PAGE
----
As people everywhere have their eyes glued to their TV set so as to not miss a moment of the 2010 World Cup being held in South Africa, Rodolfo Zapata, an Argentine that coaches a local Nigerian football team, spoke to  about Africans’ expectations regarding the tournament and how, aside from all the global cultural differences, the sport is considered to be a way of life. He also assured that “Argentina has the obligation of becoming champions.”
How are the African people living the World Cup?
Africans have many expectations. For the first time, the World Cup is being held on their continent, and they believe this will be their only opportunity in history to crown an African team as world champions. This is why all the countries are united.
How is football perceived in Africa?
As in Argentina, football is also a cultural event in Africa. People feel identified. They see this World Cup as a party and they demonstrate it with the vuvuzelas. Football is a way of life, and beyond the techniques and strategies, players have an enormous affective commitment with their audience, which simply hopes to receive joy from their stars.
Is there any relationship between a people’s way of life and how they play football?
I always say that people live how they play and play how they live. For example, that joy Brazilians have during their carnivals is transmitted onto the field when they play. Italy and Germany, however, people that have suffered wars, translate this sentiment by working tactically and being cautious with the result. In Asia, everyone runs or rides bicycles around the cities of Beijing, Tokyo, or Seoul. The same happens with their teams. In the United States, they say “time is money.” Life to them is a business and they take that to their Major League Soccer (MLS) and their national team. Football is a boring process. Sometimes, it can be a good business, but many times it isn’t.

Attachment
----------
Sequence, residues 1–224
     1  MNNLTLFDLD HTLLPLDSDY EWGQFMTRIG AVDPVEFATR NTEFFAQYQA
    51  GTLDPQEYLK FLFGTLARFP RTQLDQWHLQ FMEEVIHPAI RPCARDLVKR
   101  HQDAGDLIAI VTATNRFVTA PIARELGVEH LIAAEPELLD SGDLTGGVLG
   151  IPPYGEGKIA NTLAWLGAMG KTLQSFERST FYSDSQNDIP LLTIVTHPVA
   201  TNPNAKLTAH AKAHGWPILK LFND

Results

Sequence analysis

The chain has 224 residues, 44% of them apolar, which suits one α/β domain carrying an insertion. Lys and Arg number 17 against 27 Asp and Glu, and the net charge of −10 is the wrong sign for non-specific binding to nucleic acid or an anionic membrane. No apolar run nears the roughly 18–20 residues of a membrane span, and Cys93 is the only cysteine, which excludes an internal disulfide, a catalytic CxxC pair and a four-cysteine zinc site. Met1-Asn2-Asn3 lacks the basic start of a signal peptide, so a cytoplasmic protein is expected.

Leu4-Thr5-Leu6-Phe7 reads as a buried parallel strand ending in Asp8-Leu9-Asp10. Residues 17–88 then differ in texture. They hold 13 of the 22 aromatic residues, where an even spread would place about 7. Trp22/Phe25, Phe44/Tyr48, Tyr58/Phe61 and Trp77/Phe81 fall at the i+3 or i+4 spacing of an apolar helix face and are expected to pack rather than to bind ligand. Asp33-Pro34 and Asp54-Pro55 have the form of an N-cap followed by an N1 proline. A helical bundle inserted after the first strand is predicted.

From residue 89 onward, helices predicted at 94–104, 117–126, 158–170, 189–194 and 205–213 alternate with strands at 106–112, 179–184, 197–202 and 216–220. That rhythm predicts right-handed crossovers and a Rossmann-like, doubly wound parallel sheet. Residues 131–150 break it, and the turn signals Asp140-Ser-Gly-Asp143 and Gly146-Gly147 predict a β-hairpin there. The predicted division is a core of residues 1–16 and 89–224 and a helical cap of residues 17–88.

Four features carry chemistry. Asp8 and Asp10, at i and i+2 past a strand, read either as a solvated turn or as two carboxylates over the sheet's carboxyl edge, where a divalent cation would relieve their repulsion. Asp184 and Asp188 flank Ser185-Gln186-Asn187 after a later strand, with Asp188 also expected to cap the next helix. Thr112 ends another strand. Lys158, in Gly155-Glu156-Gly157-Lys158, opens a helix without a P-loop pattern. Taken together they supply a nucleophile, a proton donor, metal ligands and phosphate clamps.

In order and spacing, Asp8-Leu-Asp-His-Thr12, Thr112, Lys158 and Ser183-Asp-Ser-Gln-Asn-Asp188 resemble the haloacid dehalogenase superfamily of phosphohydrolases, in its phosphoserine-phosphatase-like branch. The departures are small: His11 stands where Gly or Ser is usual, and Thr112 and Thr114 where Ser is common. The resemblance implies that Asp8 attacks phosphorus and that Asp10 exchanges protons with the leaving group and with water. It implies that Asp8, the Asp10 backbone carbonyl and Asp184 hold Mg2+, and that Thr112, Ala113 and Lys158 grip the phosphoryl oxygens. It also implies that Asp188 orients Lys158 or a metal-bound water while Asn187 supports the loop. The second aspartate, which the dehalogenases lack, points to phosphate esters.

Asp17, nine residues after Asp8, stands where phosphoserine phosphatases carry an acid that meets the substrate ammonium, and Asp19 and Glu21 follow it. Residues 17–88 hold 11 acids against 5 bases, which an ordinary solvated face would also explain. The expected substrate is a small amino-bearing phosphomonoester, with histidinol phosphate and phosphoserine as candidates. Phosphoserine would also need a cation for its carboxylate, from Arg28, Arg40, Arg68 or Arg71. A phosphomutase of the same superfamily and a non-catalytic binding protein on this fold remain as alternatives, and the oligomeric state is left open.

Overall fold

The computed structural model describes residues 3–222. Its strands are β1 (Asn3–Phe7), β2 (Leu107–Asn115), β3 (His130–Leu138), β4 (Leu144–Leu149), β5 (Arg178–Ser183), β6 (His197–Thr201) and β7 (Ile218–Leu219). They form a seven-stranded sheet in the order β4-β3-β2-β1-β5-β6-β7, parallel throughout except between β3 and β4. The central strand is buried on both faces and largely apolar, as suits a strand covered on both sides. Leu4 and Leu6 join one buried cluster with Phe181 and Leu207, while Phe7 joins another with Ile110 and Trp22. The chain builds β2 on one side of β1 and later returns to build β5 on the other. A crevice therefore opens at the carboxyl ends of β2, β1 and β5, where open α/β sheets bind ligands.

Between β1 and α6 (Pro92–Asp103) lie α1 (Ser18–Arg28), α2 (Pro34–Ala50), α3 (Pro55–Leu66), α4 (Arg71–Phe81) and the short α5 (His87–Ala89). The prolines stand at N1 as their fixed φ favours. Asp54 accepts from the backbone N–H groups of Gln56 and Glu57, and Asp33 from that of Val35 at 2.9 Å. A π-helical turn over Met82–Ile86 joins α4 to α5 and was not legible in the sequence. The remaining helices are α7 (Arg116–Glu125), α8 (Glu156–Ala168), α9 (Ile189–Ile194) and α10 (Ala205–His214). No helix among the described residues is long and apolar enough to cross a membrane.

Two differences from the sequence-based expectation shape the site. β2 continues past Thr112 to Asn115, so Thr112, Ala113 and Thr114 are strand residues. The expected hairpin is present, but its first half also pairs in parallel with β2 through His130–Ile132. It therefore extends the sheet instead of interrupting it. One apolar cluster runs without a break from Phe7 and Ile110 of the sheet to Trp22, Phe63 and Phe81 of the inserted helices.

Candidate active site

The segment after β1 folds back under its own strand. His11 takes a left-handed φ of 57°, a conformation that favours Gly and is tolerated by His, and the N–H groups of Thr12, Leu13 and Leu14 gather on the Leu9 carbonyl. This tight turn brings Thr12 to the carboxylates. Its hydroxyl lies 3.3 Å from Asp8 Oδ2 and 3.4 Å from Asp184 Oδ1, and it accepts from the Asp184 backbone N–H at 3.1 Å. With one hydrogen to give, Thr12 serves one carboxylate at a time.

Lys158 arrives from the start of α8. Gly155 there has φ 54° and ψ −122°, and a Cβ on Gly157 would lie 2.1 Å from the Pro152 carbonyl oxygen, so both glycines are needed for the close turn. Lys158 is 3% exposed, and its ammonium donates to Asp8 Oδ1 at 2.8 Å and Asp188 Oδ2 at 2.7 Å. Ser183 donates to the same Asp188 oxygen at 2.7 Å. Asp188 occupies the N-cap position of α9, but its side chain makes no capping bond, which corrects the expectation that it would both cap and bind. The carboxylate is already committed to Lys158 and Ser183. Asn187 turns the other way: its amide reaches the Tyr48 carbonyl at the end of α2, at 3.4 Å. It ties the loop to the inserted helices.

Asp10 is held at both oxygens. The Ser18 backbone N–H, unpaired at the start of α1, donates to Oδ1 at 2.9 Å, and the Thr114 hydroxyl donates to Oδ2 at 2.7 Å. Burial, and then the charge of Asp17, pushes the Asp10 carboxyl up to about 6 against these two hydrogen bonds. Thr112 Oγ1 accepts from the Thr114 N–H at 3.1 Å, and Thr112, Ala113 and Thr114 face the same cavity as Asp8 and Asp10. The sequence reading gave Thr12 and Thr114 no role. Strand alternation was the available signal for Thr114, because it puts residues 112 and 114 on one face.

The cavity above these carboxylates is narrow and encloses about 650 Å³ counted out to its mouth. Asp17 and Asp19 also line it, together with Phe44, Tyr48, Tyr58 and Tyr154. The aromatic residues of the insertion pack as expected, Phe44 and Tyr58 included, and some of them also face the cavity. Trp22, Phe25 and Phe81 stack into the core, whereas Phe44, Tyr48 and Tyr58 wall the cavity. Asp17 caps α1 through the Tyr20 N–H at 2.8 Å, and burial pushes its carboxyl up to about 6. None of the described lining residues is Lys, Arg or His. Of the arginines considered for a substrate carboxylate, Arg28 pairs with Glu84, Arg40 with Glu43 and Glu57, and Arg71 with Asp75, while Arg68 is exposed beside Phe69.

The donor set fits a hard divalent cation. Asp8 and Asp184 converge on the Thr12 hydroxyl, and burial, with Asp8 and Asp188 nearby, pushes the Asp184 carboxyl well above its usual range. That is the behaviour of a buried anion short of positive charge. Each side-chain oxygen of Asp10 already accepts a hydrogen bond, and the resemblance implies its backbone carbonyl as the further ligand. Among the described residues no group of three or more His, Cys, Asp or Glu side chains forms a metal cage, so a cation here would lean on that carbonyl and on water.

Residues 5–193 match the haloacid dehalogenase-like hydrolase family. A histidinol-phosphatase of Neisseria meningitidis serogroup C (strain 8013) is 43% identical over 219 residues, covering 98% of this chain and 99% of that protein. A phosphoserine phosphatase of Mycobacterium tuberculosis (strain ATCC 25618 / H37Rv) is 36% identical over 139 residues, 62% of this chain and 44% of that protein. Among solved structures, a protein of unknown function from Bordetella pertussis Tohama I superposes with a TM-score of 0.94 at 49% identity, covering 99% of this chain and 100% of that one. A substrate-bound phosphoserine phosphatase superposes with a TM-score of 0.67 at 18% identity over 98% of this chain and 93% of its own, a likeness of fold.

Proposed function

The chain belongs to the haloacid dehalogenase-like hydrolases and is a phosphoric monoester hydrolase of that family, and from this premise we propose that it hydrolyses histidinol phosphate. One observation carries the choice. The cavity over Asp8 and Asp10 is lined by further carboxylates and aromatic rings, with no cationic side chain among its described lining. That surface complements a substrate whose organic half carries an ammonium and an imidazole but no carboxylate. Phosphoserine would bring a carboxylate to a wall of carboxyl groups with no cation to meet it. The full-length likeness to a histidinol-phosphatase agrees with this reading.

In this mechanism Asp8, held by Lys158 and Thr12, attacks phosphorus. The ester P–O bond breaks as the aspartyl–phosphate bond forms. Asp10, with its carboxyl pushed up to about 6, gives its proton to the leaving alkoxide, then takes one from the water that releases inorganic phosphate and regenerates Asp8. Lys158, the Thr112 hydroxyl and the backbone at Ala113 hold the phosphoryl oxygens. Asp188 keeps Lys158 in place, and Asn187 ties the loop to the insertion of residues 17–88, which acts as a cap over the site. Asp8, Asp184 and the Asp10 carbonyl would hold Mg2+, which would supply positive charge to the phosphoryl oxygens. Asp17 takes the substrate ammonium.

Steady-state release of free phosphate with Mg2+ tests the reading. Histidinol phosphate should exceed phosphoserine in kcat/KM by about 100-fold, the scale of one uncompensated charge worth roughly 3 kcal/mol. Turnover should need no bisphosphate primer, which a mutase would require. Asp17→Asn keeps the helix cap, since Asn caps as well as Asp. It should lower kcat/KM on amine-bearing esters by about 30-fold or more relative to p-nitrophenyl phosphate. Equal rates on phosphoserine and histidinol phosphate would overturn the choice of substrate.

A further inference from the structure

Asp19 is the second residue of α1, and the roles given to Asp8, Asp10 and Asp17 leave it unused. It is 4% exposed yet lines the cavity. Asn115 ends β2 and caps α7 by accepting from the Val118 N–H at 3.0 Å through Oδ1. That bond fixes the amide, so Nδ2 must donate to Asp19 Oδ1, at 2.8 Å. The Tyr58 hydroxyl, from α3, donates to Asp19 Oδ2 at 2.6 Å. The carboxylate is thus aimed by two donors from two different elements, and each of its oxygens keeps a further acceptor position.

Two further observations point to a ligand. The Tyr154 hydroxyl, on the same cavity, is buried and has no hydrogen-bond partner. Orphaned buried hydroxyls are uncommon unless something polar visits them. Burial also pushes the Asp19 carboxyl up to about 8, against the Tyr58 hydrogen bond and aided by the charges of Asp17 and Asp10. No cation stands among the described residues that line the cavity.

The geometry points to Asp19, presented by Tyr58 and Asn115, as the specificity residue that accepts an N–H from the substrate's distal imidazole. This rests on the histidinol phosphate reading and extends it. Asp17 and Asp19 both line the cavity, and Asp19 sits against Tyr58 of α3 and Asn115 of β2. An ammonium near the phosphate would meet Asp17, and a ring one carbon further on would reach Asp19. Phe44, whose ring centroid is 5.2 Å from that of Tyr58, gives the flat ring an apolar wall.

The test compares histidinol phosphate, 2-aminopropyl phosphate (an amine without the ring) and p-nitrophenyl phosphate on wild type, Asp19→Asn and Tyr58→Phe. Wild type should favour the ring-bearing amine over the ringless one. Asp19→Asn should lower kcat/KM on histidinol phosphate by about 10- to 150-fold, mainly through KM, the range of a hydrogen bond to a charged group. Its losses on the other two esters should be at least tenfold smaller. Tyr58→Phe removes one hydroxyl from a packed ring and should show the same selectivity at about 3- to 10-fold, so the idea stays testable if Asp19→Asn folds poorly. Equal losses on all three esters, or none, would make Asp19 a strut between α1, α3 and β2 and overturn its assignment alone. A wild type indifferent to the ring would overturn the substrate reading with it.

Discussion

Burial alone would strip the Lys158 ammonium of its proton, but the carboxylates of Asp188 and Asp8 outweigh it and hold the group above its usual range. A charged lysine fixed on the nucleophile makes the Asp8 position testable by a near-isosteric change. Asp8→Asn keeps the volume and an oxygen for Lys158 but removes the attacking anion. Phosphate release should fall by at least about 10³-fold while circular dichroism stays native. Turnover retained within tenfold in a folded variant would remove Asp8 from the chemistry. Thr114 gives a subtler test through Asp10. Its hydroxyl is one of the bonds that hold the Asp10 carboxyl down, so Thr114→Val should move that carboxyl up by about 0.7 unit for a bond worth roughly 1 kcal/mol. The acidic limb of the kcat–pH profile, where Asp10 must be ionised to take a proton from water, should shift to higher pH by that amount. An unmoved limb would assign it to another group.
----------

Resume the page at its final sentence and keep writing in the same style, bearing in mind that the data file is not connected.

In the United States, they sell a shirt that reads “Soccer is Life,” and without realizing it, they explain in a few words a great truth: football represents, in each match, life itself. During a match, we encounter joy, sadness, justices, injustices, good and bad players, etc. The only difference is that in life, there is no second half. There is only one life and we should enjoy it, which is why I always tell my players that one has to live and play with all one has. I always invite my players to take risks and try impossible plays. I don’t want, nor do I believe in, moral victories. It’s not my nature. No one should be proud to lose, although one should be proud of the effort made to try to achieve a victory.
How does football in Africa differ from that in the rest of the world?
There is great human and football potential on this continent. It is a completely different race than ours. They have different customs and ambitions, a different way of life. They are a happy people and they make do with very little.
African football loyally represents its race. Despite the lack of resources, they are a joyful, fun, respectful, and educated people, but with a high level of disorganization in all aspects. Football transmits that in a reliable way: they play pretty, which isn’t the same as playing well. In this World Cup, they have nothing to lose, but much to gain.
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